• IntegrityBC executive director Dermod Travis argues that cancellation may have had less to do with a lack of interest and more to do with the fact those meetings were announced during a federal election campaign, on the Friday before the Thanksgiving Day long weekend.

• The Telegraph-Journal opines that the New Brunswick government’s “treatment of a series of independent legislative officers shows a disturbing pattern — a growing cavalier attitude toward these important watchdog roles.” That treatment includes ignoring the province’s information commissioner.

• The Times-Transcript’s Norbert Cunningham writes that the Atcon fiasco demonstrates “why taxpayers should demand far more acountability from provincial governments, They all provide grants, subsidies, and loans in efforts to spur economic development. Have we ever seen a full accounting of outcomes? We hear positive announcements and expectations. Politicians boast when recipients prosper, but run for cover if they fail. We get an overall accounting of spending and losses, but few details.”

Have a news tip about about the state of democracy, openness and accountability in Canada? You can email me at this address.


  1. Ken Rubin

    (on the record) Thanks Sean for offering fair and informative editorial comment about the editorial actions of major media players at a time when it’s needed. Yes, Virgina, we have a chilling traditional media problem that is helping them diminish their own communications capacities. Ken Rubin

  2. Douglas James

    Excellent article. There is much to be concerned about with Canadian journalism. The CBC’s online coverage during this past election campaign was abysmal, focused almost entirely on the horse race and the cult of the personality. Before restoring full funding to the CBC, I would hope that Justin Trudeau would ask for a review of the role of the corporation in today’s crowded media environment. There are numerous non-profit websites in the United States that are producing better public journalism at a fraction of the cost of so-called public journalism in Canada. Perhaps Ottawa should change tax rules so that non-profit journalism can also find a home here (charitable status is necessary) and even provide start-up loans or grants for such endeavours. A flourishing media landscape with diverse voices builds a strong democracy.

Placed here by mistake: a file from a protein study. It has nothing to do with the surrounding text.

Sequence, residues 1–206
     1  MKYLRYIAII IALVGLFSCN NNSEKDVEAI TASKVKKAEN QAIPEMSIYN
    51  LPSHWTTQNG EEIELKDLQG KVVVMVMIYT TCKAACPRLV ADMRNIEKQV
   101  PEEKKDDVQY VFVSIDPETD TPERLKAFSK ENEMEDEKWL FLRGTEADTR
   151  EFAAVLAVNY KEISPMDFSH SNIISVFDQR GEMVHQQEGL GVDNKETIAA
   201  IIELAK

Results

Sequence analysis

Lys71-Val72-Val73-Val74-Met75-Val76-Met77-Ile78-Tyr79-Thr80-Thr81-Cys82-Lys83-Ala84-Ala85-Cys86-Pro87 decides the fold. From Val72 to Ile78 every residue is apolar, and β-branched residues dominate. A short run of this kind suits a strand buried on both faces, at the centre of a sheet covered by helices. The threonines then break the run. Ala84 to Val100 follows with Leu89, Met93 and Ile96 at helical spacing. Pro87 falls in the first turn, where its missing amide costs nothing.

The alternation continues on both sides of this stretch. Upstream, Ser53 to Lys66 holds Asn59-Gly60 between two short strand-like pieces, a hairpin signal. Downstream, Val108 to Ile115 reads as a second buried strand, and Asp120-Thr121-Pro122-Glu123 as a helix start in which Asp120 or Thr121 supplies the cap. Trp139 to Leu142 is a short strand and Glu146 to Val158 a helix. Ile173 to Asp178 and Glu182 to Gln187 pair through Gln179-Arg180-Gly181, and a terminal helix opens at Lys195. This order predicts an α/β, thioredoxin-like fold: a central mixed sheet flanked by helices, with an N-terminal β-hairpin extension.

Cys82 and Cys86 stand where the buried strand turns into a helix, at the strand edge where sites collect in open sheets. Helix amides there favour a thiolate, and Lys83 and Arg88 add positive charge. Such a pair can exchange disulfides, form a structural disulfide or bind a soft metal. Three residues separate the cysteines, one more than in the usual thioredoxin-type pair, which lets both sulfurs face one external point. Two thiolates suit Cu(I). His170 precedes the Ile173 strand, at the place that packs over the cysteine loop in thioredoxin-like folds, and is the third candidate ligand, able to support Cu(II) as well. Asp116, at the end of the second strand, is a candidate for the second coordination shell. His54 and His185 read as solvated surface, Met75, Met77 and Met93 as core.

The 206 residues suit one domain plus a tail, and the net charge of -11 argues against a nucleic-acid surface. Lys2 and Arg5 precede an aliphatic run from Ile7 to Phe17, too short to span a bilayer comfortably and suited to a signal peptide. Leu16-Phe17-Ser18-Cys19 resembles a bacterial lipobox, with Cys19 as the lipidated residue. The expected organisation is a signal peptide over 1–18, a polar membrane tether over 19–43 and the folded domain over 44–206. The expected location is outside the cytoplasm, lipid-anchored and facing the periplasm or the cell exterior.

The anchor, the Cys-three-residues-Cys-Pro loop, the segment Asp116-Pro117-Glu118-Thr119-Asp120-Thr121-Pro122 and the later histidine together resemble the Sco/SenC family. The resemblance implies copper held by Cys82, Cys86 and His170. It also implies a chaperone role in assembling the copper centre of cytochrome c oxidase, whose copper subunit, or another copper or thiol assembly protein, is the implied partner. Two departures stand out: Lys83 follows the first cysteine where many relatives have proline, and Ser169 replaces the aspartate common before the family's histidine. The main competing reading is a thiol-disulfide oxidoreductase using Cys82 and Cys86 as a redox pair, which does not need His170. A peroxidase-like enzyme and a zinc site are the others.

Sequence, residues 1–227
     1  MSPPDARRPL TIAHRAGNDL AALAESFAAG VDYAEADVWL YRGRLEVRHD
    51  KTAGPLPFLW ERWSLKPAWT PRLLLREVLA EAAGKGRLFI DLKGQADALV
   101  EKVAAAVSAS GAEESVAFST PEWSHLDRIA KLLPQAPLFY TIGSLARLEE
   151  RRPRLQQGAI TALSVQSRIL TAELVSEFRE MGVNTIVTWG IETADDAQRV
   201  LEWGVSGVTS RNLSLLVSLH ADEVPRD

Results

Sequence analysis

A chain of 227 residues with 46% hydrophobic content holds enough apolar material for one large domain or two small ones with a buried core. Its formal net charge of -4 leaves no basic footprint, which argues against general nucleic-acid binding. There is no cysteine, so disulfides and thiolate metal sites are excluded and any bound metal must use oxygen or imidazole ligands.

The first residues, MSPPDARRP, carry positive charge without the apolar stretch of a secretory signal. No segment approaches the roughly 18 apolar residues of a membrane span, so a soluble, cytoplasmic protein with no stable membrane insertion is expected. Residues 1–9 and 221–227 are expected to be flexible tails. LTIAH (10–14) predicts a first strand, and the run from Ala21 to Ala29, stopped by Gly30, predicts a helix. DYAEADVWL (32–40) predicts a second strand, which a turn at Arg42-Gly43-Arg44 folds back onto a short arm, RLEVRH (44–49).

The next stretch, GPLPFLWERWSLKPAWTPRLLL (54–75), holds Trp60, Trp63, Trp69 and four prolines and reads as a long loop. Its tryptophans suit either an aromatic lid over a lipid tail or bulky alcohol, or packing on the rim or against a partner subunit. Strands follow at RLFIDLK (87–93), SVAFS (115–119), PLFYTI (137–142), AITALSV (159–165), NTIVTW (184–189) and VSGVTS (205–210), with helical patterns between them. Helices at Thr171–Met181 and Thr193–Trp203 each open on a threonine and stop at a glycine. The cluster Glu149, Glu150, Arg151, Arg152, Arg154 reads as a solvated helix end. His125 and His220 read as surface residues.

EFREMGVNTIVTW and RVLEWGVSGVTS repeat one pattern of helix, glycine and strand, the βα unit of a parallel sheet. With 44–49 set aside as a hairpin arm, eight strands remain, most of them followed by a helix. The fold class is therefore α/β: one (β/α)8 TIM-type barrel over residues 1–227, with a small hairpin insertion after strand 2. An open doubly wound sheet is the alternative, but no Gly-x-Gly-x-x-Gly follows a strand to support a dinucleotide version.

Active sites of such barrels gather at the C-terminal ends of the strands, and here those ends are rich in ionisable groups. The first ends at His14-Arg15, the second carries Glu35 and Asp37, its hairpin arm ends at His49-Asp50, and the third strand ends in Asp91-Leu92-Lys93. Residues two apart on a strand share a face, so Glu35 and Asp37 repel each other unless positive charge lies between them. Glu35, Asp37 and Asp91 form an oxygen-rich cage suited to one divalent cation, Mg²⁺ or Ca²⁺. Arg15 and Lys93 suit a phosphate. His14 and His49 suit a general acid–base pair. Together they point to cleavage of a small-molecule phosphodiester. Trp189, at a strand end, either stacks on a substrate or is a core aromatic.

1. John dePass

      I totally agree with your analysis Douglas James. I think Canadian journalism is sorely in need of a more varied voice and am sick and tired of seeing and hearing the same old, same old given by the same voices with the same perspective. (a white middle class view on every subject) I find it obnoxious to hear or see people (supposed experts) talking about subjects they obviously know very little about but for the talking points. I happen to have lived in different parts of the world and am aware of the context in which many topical issues are discussed in the media. To hear some of the unlearned nonsense being spouted is to make me want to throw up. Your suggestions on how to go about promoting a more diverse culture of opinion is a welcomed addition to the dialogue. I hope it is read…and acted upon by the powers that be.

  3. Carol Crocker

    Perhaps, people’s livelihoods got in their way of feeling able to take a stand against the money bosses. When government policies don’t support those who take a stand the risks may be too high for most to endure. I guess we could start refusing to buy those products that are sold by these corporations that won’t support their employees, either. Seems like taking away or or at least reducing their ability to abuse their power is becoming more and more necessary.

  4. Nobie Cop